Councilwoman Patty Powell delayed her departure on a family trip to attend the session. Tansey, a Republican, is the person who defeated Abbott. Powell beat former councilman Christopher Roberts in a 2002 Democratic primary, also with allegedly illegal help from Gordon and Freebery.

At an open executive committee meeting before the Council session Coons took umbrage over an announcement by Representative Gregory Lavelle that he will introduce state legislation to establish a commission to monitor county government's expenditures and personnel actions until Gordon's term expires in January, 2005, and a taskforce to review the structure of county government and make recommendations for possible changes by May, 2005.

Coons said the General Assembly's stepping in at this point implied that County Council was incapable of dealing effectively with the present situation. "It [would] override the prerogative of Council to act first," he said. Because county government is a creature of the state, state law takes precedence over county law.

After the Council session, Coons told Delaforum that Lavelle's move did not influence the outcome of the session. "I had the six votes [to approve the ordinances] going in," he said. Because they were emergency legislation introduced with minimal public notice, passage of the ordinances required five affirmative votes

Abbott characterized the measures as "a Band-Aid or window dressing" and said they are "not going to accomplish anything substantively."

"There is more corrective action that is needed," he said, adding that, in addition to using "the power you already have" to investigate the extent of corruption, Council should seek Gordon's impeachment by the state legislature.

None of the three indicted persons has been arrested. Gordon, Freebery and, presumably, Smith are continuing to conduct business in a close-to-normal manner.

Councilman Penrose Hollins disputed Abbott's claim that Council ignored seven and a half years of misdeeds by the Gordon administration. "We've all heard rumors, [but] there was no general knowledge," Hollins said.

Coons, who is seeking the Democratic nomination to succeed Gordon as county executive and is opposed by Freebery in that effort, also denied charges that Council is late in assuming a role vis--vis alleged corruption.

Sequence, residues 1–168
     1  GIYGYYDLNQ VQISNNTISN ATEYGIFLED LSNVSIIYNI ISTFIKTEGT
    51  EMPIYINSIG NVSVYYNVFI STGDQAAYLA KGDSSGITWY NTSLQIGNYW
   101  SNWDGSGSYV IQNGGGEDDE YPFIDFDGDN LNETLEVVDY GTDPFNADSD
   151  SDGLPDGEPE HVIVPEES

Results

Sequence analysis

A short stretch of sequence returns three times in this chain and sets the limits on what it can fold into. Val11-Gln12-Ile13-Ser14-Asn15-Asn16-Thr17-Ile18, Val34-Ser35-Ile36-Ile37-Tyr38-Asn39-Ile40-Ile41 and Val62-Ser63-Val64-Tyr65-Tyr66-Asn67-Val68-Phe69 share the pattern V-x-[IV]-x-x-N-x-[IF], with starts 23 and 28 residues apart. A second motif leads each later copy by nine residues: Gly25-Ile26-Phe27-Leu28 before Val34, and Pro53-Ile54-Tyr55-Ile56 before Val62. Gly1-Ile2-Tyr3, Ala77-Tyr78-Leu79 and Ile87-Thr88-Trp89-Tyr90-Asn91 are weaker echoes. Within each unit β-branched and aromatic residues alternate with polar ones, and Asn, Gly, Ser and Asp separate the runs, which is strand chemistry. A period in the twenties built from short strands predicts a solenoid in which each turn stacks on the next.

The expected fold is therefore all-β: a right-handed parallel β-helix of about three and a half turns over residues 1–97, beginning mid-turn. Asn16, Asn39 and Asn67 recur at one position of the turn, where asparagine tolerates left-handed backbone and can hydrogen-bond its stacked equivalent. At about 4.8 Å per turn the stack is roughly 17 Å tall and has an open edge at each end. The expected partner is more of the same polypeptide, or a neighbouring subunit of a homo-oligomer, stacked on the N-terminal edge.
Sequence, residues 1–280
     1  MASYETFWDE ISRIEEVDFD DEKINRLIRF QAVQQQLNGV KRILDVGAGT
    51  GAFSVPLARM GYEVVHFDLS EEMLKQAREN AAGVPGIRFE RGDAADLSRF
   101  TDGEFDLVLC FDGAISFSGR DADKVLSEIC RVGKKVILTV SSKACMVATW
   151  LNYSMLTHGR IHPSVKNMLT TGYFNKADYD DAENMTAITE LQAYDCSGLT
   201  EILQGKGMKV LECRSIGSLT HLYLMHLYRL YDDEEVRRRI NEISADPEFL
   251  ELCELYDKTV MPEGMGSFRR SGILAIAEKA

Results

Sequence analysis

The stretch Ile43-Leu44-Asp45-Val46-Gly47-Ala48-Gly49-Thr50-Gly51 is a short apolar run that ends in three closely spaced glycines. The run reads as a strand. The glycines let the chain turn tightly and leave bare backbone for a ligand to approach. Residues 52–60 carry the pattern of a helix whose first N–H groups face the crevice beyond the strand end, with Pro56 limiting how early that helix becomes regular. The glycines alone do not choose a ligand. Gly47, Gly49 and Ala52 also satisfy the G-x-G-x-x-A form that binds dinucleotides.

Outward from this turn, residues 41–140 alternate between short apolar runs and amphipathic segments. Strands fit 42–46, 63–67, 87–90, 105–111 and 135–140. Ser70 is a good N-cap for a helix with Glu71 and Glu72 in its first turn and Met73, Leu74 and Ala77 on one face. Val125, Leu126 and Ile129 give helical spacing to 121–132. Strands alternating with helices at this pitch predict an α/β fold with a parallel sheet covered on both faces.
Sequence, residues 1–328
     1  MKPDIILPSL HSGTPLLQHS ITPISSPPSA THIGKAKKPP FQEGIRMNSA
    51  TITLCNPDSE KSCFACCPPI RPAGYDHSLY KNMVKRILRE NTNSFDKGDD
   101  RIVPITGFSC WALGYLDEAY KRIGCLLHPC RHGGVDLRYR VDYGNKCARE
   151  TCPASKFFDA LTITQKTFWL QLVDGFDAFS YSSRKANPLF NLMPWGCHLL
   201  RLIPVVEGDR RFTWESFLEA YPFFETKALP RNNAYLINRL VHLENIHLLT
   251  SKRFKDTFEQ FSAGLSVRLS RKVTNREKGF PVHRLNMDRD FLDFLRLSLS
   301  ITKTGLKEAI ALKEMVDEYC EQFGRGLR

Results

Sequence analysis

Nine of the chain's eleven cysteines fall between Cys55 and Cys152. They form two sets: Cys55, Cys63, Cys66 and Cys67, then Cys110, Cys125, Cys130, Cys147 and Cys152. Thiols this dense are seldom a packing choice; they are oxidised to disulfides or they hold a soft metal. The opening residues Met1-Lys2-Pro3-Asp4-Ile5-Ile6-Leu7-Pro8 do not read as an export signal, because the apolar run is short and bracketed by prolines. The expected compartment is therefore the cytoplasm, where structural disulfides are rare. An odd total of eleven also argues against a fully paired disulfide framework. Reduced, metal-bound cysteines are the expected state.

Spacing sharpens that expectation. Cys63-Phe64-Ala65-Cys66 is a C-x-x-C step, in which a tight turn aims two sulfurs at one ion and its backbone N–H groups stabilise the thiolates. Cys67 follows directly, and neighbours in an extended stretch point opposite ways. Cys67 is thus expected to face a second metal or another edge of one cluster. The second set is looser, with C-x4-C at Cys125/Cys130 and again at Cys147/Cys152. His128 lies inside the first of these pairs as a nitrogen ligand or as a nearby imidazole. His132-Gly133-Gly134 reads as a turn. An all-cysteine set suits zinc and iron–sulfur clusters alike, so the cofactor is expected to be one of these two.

"Many of the issues have been rumored," Coons acknowledged, but he said some of allegations in the indictment "were news to me." And, he added, "this is not the last you will be hearing from County Council on these issues."

Acknowledging that the federal grand jury probe had been general knowledge for nearly two years. Coons said that he was "very reluctant to have this body (County Council) conduct an investigation" concurrently. He did not comment directly on Abbott's call for starting one now.

County Attorney Timothy Mullaney challenged, albeit mildly, Council's responding the the indictments with emergency ordinances in emergency session. He said the measures accomplished nothing that could not have been done by following the normal legislative process. Some of their content -- particularly provisions involving employment of outside lawyers -- "has been debated at great length," he said.

Ronald Morris, the county's chief financial officer, pledged that "there will be no attempt to subvert them (the ordinances)."

The emergency session, which began at 5:15 p.m. and lasted about 100 minutes, drew a near capacity crowd to Council chambers in the Redding Building. Three uniformed county police officers were stationed along the wall, but the crowd, which obviously included both Gordon administration supporters and opponents, was orderly throughout the proceedings.

At the outset, Coons ruled out any discussion of the indictments as such. "We are not here this evening to consider guilt or innocence," he said.

2004. All rights reserved.